Cap rental proposals 'catastrophic' for providers, beneficiaries

Sunday, November 27, 2005

YARMOUTH, Maine - Providers are looking ahead to what services they may have to cut to offset losses if Medicare caps reimbursement for oxygen concentrators, according to a recent HME NewsPoll.

Nearly three quarters of the 209 poll respondents predicted they would drop respiratory therapist visits. Additionally, 64% would cut delivery and 62% would cut maintenance.

"Capping respiratory services would be catastrophic for all providers," wrote in Tim Pederson, CEO of WestMed Rehab, in Rapid City, S.D. "We do not merely provide equipment; we provide respiratory service, upon which most of our patients depend."

The OIG plans to conduct a study in 2006 that examines, among other things, the feasibility of capping reimbursement for oxygen concentrators (See HME NewsWire, 11/7/05).

Many respondents agreed that capping oxygen would also have harsh consequences on vulnerable patients.

"Liquid oxygen for Medicare beneficiaries would cease to exist," wrote in Greg Melloh, a manager at Iowa Health Home Care in Des Moines, Iowa. "Deliveries would stop. All repairs would be taken non-assigned, meaning that they pay up front. Those not in a position to do this would certainly be in trouble."

Providers would also look to cut back on services and, in some cases, quality, if a U.S. Senate proposal to eliminate the capped rental option for DME is approved.

"Cheaper products and less service here I come," wrote in Joel Holland, president of Holland Medical Equipment in Nashville, Tenn.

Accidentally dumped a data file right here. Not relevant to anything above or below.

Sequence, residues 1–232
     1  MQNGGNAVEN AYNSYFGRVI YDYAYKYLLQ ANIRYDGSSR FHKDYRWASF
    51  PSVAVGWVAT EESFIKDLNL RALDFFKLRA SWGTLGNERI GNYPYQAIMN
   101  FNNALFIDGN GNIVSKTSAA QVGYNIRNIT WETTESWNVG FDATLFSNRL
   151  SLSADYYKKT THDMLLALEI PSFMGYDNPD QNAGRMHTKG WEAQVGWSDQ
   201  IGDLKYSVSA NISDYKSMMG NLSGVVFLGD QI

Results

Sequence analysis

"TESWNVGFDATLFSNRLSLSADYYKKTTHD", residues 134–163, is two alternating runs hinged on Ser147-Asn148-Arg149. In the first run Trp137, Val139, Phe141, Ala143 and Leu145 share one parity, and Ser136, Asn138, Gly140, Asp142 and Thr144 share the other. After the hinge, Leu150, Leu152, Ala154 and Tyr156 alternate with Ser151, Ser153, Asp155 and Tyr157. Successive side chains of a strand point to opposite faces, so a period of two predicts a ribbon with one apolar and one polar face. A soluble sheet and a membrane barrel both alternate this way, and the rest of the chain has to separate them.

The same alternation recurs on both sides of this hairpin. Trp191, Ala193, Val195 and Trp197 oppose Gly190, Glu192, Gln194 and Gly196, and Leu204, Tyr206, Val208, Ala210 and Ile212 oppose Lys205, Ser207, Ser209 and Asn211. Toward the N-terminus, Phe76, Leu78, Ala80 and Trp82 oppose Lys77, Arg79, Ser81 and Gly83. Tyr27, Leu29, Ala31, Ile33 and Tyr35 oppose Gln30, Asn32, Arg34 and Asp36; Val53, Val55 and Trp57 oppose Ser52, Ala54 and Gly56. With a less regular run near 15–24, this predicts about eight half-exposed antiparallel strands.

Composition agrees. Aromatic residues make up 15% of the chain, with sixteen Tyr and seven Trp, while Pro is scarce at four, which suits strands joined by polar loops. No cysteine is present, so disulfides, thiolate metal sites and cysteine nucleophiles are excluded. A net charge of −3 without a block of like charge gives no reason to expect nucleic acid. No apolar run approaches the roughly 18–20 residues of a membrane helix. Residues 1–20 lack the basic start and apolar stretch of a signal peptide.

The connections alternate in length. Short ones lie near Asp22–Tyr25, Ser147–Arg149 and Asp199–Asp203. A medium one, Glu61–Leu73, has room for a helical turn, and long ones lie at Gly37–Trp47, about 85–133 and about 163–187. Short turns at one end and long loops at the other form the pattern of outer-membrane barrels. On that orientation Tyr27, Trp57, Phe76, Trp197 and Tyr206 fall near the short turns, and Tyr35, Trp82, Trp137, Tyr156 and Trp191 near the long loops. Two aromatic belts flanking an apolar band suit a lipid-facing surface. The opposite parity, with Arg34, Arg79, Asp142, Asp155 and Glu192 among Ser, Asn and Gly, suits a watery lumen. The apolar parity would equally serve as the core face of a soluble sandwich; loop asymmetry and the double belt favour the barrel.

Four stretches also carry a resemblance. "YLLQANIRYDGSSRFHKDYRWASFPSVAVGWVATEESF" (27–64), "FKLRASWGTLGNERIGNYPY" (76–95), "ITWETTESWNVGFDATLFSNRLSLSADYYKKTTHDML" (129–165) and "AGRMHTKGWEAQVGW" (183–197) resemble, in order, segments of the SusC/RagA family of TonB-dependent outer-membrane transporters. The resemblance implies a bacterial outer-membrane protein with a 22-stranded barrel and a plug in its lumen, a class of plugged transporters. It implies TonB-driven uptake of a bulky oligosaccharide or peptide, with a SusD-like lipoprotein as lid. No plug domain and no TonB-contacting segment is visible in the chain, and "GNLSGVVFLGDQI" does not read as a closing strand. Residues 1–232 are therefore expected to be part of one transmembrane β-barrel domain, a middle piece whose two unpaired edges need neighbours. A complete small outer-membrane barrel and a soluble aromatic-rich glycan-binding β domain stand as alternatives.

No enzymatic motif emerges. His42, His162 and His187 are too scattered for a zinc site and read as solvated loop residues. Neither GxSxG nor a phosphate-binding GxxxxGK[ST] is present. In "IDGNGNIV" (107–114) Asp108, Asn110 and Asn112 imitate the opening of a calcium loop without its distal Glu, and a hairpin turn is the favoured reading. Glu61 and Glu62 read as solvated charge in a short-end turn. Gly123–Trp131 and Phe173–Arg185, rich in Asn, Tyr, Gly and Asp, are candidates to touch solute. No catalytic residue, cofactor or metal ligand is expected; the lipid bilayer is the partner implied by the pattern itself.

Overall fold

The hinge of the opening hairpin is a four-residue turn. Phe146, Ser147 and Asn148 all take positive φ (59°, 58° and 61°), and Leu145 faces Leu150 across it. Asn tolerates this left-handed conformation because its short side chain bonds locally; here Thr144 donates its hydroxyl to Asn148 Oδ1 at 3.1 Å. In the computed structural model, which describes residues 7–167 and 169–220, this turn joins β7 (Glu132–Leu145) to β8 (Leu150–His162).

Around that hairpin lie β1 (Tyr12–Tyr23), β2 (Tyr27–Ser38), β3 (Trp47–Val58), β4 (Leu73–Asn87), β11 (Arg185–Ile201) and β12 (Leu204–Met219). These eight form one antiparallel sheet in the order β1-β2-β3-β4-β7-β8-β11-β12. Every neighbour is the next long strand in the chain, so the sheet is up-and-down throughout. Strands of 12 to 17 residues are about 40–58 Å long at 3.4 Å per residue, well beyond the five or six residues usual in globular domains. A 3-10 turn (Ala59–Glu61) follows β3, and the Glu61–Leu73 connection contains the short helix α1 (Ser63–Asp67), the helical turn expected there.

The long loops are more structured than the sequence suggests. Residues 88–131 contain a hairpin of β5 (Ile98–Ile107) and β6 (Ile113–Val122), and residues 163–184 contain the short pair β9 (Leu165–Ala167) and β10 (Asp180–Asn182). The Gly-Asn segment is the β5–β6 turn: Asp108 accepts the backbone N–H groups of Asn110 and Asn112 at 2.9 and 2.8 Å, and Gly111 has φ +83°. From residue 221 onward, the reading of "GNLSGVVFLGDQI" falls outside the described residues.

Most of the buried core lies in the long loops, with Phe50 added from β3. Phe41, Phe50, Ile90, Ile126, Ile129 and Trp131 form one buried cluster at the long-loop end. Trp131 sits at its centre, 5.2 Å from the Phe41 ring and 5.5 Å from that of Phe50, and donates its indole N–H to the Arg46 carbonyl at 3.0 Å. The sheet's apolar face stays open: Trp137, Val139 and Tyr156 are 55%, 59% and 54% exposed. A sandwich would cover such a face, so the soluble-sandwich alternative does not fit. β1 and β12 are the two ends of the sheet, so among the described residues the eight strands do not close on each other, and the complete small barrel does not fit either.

While 40% of providers said they would lay off staff, services would take the biggest hit with 70% of respondents saying they would have to cut maintenance and another 43% suggesting delivery would be changed or eliminated.

A small percentage, 7%, said they would sell the business and 11% said they would close branches.

Again, despite the losses to providers, it is the patients who many feel will face the greatest hardships if the capped rental option is eliminated for DME.

"The main impact will be on the reduction of services to beneficiaries," wrote in Kevin Fly Hill, president and general manager of CPS Medical in Tyler, Texas. "Most will not maintain their owned equipment at the levels we currently provide."

Lack of maintenance and less personal contact with the patient will cost more in the long run, respondents said.

"The lack of repairs to DME equipment could easily turn into an E.R. visit or hospital stay that would cost Medicare far more than the maintenance fee," wrote Joey Tart, president of Family Medical Supply in Dunn, N.C.

"Home care is and always will be the least expensive and most desirable venue of care for the patient--that won't change, but the quality and quantity will, and I am afraid that will translate into an increase in readmits to the E.R. or unscheduled doctor visits," wrote Mark Barch, president/owner of Pulmonary Care Management Solutions, in Arlington, Texas.